Things I Remember




Mildred Allen Hotchkiss


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During the final days of preparation for leaving the homestead on Ice Creek, I was parked at Aunt Sarah’s. They lived on a hill. Before that tho’ a sewing woman (I think it was Delia Moore Haley) came to the house. She made me two nice new dresses for the trip to Kansas. I was picked up at Aunt Mags on the Pike. I don’t know who took the family in to Ironton. It must have been Uncle Harrison or Uncle Med. (Uncle Med had rented our homestead.) The family was dumped at Aunt Sorilda’s to await the coming of the boat for Cincinnati. Our cousins Millie and Margaret Markin went with us to the wharf. We waited ‘til midnight for the Katy Stockdale but went on the Granite State (am I right?). We kiddies were asleep on the baggage under the tables when they told us the boat was in . Ethan was the youngest of eight children and was running everywhere. It took all of us to keep track of him.

We boarded the train at Cincinnati. Ten of us & Illa Spicer. It took 3 days and nights to reach Parkerville, Kansas. I was car sick all the way. Somewhere two of the boys had lost their new overcoats bought especially for western climate.

We were received (not cordially) at my Aunt Harriet Stivers who lived over her store. She had 5 rooms and an attic. Her bachelor bro. Newt Dilley lived with her and managed the store. Emma Johnson had come from the east and married Dr. Dan Hall. Newt Dilley west east and married her sister Mary Johnson. Then Candace came out, lived with the Dilleys and married James Sharp.

We reached Parkerville in December 1884. Lived until March over the Post Office in two rooms. Wonder who was postmaster? Was it the Morgans? We would lie on our beds Sat. nights and watch the dancing at the Seth Hotel next door. Ad Bruce visited us while we lived in 2 rooms.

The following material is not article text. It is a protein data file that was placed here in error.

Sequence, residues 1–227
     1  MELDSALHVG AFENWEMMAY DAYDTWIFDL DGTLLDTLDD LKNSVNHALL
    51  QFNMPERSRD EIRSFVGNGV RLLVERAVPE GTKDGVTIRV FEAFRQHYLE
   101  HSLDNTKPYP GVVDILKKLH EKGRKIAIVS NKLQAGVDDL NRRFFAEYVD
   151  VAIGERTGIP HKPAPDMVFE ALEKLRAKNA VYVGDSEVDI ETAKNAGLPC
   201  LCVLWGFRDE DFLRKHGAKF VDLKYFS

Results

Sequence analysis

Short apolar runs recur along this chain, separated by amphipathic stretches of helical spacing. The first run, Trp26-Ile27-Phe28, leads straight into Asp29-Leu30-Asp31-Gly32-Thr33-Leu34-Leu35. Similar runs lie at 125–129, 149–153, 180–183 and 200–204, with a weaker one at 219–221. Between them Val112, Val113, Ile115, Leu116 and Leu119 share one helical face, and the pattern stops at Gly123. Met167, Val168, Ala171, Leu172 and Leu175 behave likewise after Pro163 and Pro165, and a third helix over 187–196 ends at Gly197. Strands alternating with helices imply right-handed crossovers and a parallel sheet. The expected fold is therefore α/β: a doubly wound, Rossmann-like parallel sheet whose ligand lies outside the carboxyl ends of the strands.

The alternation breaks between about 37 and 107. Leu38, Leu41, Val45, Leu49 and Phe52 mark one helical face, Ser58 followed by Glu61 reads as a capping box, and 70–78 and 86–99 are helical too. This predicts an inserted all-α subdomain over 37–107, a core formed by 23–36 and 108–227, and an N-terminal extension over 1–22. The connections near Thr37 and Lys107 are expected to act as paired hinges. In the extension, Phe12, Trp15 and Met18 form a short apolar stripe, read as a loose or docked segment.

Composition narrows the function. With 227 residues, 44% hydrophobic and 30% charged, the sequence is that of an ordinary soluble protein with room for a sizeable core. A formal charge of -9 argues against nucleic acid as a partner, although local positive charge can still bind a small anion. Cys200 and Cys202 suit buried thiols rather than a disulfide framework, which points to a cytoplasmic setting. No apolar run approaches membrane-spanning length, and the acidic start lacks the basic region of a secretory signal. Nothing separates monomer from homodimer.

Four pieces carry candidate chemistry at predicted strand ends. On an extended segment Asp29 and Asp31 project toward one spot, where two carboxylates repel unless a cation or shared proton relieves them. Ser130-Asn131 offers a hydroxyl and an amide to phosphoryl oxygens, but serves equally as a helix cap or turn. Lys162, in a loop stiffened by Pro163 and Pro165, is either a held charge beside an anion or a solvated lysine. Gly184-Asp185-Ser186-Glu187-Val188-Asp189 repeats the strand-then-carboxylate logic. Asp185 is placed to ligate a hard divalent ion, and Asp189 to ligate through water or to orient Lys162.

He must have started to school. My teacher (I believe) was Emma Johnson Hall. But we soon moved to the farm owned by Harriet Stivers. How many acres? Three miles out. Aaron Parks was very reluctant about moving off of it. We had 3 rooms. The kitchen roof leaked badly. We were two miles from school Hurino. The name was made up out of the school board’s names. Hu for Mr. Hurley, ri for Mr. Rider, no for Mr. Nordeen. Our first teacher as I remember was Sue Downing. She wore the same dress all year.

Mr. & Mrs. Rider came to see us the first day at the farm. They lived east across Laird’s Creek and had 2 daughters and one son grown up. Helen, Maggie and John. Other neighbors at that time were Prescotts and Lunds. While we were living in 3 rooms two of the Keys came to visit. I think it was Uncle Coleman and Uncle John Keys.

Harry Simmons was to build a new house.


This particular writing ended here, but following are remembrances from some of her other writings.

The biggest event of the year was a picnic at Parkerville Park. Of course, it meant the entire day. The park was a block square, grassy and well shaded. It was fenced with posts supporting a heavy iron chain. The speaker’s platform and seat were provided but no picnic tables.